The main problem with this system, and with visiting electronic used booksellers on the Internet, is that it eliminates, or at least severely impairs, browsing with no specific end in mind. You pretty much have to know either the title of the book you’re looking for, or its author. There will be no more of, say, wanting to see what types of books the library or bookstore might have on one subject, and then getting completely captivated by books on another entirely different subject that were noticed along the way.

I have found some of my favorite books and authors by sheer indiscriminate browsing. I’ll go into the library looking for one certain book, find it, and then start looking at the books standing nearby on the shelves. If I notice an interesting title, or an attractive or exotic binding, I’ll pull out the book and start flipping through. Many times I’m disappointed, but I cherish those times when I find some author, possibly many years dead and unread for generations, who tickles my fancy.

I mean, how in the world are you supposed to pick out an attractive art book – or a book to read to your child before bedtime – unless you can phsyically pick them up and flip through them? Yes, yes, I know you can conceivably look at any book online, but how much time and trouble does that take? You can take down a book and decide quickly by looking into it if it’s not for you, then pick up the next and repeat the process. Imagine how much more complicated (and how less enjoyable) that task is online.

Of course, I know that you can go into a big chain bookstore like Barnes & Noble or Borders and browse to your heart's content. And if the book you're in the mood for is something recent, or something eternally popular, then you might very well be in luck. But you'll find none of the quirky, old, forgotten books that reside in libraries or used bookshops. And the selection will be a mile wide and an inch deep. Take the works of Charles Dickens. Sure, almost any chain bookstore will stock copies of Great Expectations or David Copperfield or Oliver Twist. But how many will stock every one of Dicken's novels? And will there be all those interesting books about Dickens and his life and times, and the other books analyzing Dickens' works, which a good library will have close at hand? Doubtful.

Oh, well. At least down here in Texas we have the Half Price Books chain, which is where I spend a sizeable amount of my disposable income each year (although I have to drive to either Austin or Dallas to visit one). They seem to be doing a boffo business, so I don’t see them disappearing anytime soon, even if the public libraries here go with one of these soulless retrieval systems.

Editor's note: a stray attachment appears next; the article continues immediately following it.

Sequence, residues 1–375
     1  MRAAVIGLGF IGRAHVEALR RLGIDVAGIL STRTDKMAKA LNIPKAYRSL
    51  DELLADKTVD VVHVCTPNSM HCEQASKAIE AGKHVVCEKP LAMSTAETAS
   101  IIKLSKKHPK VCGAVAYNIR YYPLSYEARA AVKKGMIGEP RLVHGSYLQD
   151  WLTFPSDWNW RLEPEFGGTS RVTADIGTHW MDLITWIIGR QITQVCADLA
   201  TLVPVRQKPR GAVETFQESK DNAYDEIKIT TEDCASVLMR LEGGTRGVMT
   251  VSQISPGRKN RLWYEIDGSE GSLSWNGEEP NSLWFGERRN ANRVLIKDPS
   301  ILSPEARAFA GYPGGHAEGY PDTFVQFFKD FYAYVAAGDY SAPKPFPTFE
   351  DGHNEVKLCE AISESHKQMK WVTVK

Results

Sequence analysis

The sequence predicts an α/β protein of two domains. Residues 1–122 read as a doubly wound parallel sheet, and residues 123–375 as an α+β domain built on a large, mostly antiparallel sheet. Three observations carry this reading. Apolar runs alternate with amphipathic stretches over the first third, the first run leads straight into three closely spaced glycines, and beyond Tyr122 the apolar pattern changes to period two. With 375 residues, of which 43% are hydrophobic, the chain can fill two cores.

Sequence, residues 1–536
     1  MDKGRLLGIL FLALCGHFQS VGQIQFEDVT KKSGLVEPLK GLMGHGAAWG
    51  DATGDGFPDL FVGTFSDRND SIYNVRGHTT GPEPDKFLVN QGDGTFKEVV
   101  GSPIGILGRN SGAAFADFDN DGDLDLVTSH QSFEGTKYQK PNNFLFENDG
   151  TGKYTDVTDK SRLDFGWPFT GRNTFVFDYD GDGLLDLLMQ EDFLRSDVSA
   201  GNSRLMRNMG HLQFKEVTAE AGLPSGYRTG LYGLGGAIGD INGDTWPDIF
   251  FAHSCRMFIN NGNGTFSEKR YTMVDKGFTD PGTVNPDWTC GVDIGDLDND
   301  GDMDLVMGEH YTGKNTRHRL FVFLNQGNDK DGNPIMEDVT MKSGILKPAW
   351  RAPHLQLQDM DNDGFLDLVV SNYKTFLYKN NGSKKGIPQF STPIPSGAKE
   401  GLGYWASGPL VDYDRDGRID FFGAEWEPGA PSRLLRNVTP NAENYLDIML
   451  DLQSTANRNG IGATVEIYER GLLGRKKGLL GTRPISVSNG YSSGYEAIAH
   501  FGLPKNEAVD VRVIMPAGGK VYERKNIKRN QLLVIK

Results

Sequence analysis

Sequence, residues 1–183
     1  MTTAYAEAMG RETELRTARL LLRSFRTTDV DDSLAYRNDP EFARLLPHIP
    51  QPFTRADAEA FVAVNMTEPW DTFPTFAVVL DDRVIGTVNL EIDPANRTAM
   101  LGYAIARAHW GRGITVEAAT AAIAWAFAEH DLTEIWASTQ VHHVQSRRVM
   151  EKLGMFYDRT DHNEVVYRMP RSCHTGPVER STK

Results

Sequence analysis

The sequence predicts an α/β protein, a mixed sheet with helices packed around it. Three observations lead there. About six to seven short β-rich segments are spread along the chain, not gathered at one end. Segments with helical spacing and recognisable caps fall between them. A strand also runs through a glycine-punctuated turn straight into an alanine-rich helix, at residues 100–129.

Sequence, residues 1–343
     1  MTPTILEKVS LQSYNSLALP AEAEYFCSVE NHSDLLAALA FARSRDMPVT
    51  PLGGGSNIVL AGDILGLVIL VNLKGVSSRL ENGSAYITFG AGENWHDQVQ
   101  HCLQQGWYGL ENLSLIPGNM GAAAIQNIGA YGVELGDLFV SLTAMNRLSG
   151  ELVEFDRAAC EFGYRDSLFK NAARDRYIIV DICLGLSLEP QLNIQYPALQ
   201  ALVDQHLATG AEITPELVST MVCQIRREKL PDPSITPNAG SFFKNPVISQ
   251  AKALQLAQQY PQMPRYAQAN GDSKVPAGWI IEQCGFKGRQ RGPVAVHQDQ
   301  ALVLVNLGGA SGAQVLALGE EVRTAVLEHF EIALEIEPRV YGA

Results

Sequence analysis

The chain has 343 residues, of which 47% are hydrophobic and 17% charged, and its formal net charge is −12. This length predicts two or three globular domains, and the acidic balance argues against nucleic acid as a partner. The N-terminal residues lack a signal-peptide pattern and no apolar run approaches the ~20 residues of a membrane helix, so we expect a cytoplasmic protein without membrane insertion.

4 comments:

Inkling said...

Now, I'm very glad you're back, but I must say, this is a depressing post. My husband keeps talking about how excited he is to be able to read digital books, and I keep making gagging motions and claiming I will never. Never. However, I think there are enough of us out there who would protest the loss of real libraries and bookstores, don't you think? They wouldn't just go over our heads, would they? (What worries me is that I have not actually hand-written a real letter in several years--and I used to so love to write letters.)

sarahgrace said...

Okay...I've been wanting to take my munchkins to the local library for ages now...and that's it- I'm going to get off my rear and take my pregnant belly down to the library and enjoy this passtime before it's pulled right our from underneath me, no matter how much certain people I know may scoff.

Stephanie said...

Not being able to browse books?! I will be absolutely horrified if this ever happens. I suppose it gives me a reason (if I needed one) to keep buying books so that I could just do my own book browsing at home!

Anonymous said...

I mostly love Half Price Books. However, they do have a system of marking books down for clearance, and then putting them in the recycling been fairly rapidly. I am not able to walk into a HPB and find a book that's been on the shelf, patiently waiting for me, for years.

I do, however, find a lot of remaindered and overstocked books, and a lot of recently published books. And I have to admit that I head for the clearance racks first.